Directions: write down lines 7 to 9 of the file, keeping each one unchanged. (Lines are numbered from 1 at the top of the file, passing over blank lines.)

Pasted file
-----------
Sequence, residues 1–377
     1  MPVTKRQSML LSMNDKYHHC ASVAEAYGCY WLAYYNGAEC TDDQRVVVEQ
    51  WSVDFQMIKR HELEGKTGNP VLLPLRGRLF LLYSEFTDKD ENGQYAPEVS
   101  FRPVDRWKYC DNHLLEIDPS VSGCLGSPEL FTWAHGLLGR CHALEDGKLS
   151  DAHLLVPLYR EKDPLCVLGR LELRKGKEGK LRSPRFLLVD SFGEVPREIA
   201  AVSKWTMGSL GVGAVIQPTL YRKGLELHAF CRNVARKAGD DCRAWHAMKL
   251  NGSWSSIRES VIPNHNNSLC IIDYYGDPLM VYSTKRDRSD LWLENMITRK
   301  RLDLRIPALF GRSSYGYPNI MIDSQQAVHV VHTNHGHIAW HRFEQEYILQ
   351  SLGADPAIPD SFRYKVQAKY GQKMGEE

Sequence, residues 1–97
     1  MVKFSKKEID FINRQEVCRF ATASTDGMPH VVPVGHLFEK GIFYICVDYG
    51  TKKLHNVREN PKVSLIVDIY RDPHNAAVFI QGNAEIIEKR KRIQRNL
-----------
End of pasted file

   251  NGSWSSIRES VIPNHNNSLC IIDYYGDPLM VYSTKRDRSD LWLENMITRK
   301  RLDLRIPALF GRSSYGYPNI MIDSQQAVHV VHTNHGHIAW HRFEQEYILQ
   351  SLGADPAIPD SFRYKVQAKY GQKMGEE